17 January 2017

Gambia: Jammeh Gets Ecowas Deadline - Step Down Midnight Tomorrow or Face Forceful Ejection

Photo: This Day
Yahya Jammeh.

Abuja — The Economic Community of West African States (ECOWAS) has given the embattled President of The Gambia, Mr. Yahya Jammeh, till midnight tomorrow to vacate office and hand over power to the country's President-Elect, Mr. Adama Barrow, or be ousted by force, THISDAY has learnt.

Though details of the planned military intervention by ECOWAS in The Gambia if Jammeh refuses to vacate office for Barrow on Thursday remains sketchy, THISDAY learnt that ECOWAS has perfected plans to install the president-elect.

Efforts by Jammeh to erect a legal hurdle in the way of the ECOWAS-backed inauguration of Barrow suffered a serious setback yesterday as the country's Supreme Court declined to hear an application by his party to that effect.

Last Thursday, the country's ruling Alliance for Patriotic Reorientation and Construction (APRC) filed an application for an interlocutory injunction seeking to stop the inauguration of Mr. Barrow as President on January 19.

But the Chief Justice of the Gambia, Justice Emmanuel Fagbenle refused to grant the application.

Barrow was declared winner of the December 1, 2016 presidential election. Jammeh, who had initially accepted defeat by congratulating Barrow, suddenly recanted a week later saying he would challenge the election results at the apex court.

His recant threw the country into confusion amid intervention by African leaders suing for a peaceful transition.

The African Union (AU) and ECOWAS have pledged to withdraw their recognition of Jammeh as President after Thursday.

But Nigerian officials played down the planned military intervention by the sub-region's power block last night, saying ECOWAS still hoped Jammeh would respect himself and leave office by tomorrow night.

"From what I gathered, they are extending the olive branch till midnight of January 18th. If he does not (handover power) by 19th, the troops will take over," a Ministry of Foreign Affairs told THISDAY last night.

Asked about the composition of troops and Nigeria's strategic role, the source responded: "I don't have an idea of the troops but they are from ECOWAS."

Speaking to THISDAY, however, the Director of Army Public Relations, Brig-Gen. Sani Usman, said he was not aware of plans for military intervention, explaining that such issues fall squarely under the purview of the Ministry of Foreign Affairs and the federal government.

Usman added that the Army could not comment on the matter. "We are not at the forefront of solving the political problem in The Gambia; we are soldiers," he said.

An official at the Ministry of Defence, Abuja also could not provide an insight on the level of preparedness by the Nigerian military.

But as the inauguration day draws closer, tension appears to have gripped Gambians, with many struggling to leave the tiny West African nation.

Efforts by ECOWAS leaders led by President Muhammadu Buhari to persuade Jammeh to relinquish power has failed to yield any tangible result, even as Barrow relocated to Senegal, where reports suggest he would be brought into The Gambia by ECOWAS troops for the inauguration on Thursday.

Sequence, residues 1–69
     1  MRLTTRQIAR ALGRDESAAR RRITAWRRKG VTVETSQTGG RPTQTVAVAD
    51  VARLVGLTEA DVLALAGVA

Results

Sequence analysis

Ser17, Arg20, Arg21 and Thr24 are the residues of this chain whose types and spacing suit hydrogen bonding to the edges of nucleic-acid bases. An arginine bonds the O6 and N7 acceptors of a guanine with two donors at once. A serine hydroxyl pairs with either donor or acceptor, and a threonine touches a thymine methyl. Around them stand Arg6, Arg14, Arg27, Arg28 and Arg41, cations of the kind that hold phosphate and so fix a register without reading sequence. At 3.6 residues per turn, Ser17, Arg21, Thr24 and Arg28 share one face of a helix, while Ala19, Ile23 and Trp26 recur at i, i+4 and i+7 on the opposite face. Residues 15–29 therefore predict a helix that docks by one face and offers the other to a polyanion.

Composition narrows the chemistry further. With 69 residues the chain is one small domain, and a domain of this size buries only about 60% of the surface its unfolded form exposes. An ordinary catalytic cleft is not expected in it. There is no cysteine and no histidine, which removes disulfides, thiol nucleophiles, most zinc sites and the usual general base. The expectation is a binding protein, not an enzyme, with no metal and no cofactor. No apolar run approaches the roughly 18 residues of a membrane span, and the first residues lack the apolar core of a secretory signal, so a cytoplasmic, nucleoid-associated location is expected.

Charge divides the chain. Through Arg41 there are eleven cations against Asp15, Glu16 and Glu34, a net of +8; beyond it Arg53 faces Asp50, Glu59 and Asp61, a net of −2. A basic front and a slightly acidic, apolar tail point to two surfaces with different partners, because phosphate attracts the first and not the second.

Supreme Court refuses to hear Jammeh

Meanwhile, the Supreme Court yesterday refused to hear an application by Jammeh's party, APRC, to stop the inauguration of Barrow as president on Thursday.

In the application signed by its lawyer, Mr. Edward Gomez, the APRC asked the court for an order of interlocutory injunction preventing the chief judge of the country from inaugurating or swearing in Barrow as the President of The Gambia until the determination of the election petition.

The party also asked for an order "restraining, the President from preparing, arranging, organising, conducting, partaking or participating in any manner or form in the swearing-in and /or inauguration of Adama Barrow as President of the Republic of The Gambia on January 19, 2017."

The APRC further prayed the court for an order restraining the country's National Assembly, its members and any organ of government from partaking in the inauguration of Barrow.

It asked the court to stop Barrow from presenting himself to the country's chief judge or judiciary to be sworn-in as president of The Gambia.

After hearing the application yesterday, the Chief Judge, Justice Emmanuel Fagbenle, a Nigerian, refused to grant the prayers that would have effectively extended the tenure of Jammeh.

The court declined to grant the requests on the ground that the application listed the Chief Judge, who is the only Supreme Court Judge at the moment, as a party in the application.

Fagbenle, therefore, ruled that he could not grant an order against himself.

He said he would remove himself from the suit in the interest of fairness. He then adjourned the election petition until the court is fully constituted.

The court had ruled penultimate Monday that it could not consider the election petition filed by the APRC because the quorum of five judges to hear the petition could not be met because Nigeria and Sierra Leone declined the Gambian request to send judges to sit at the Supreme Court

The Gambia relies on judges and other judicial officials from other West African countries to help fill its drought of top officials in its judiciary.

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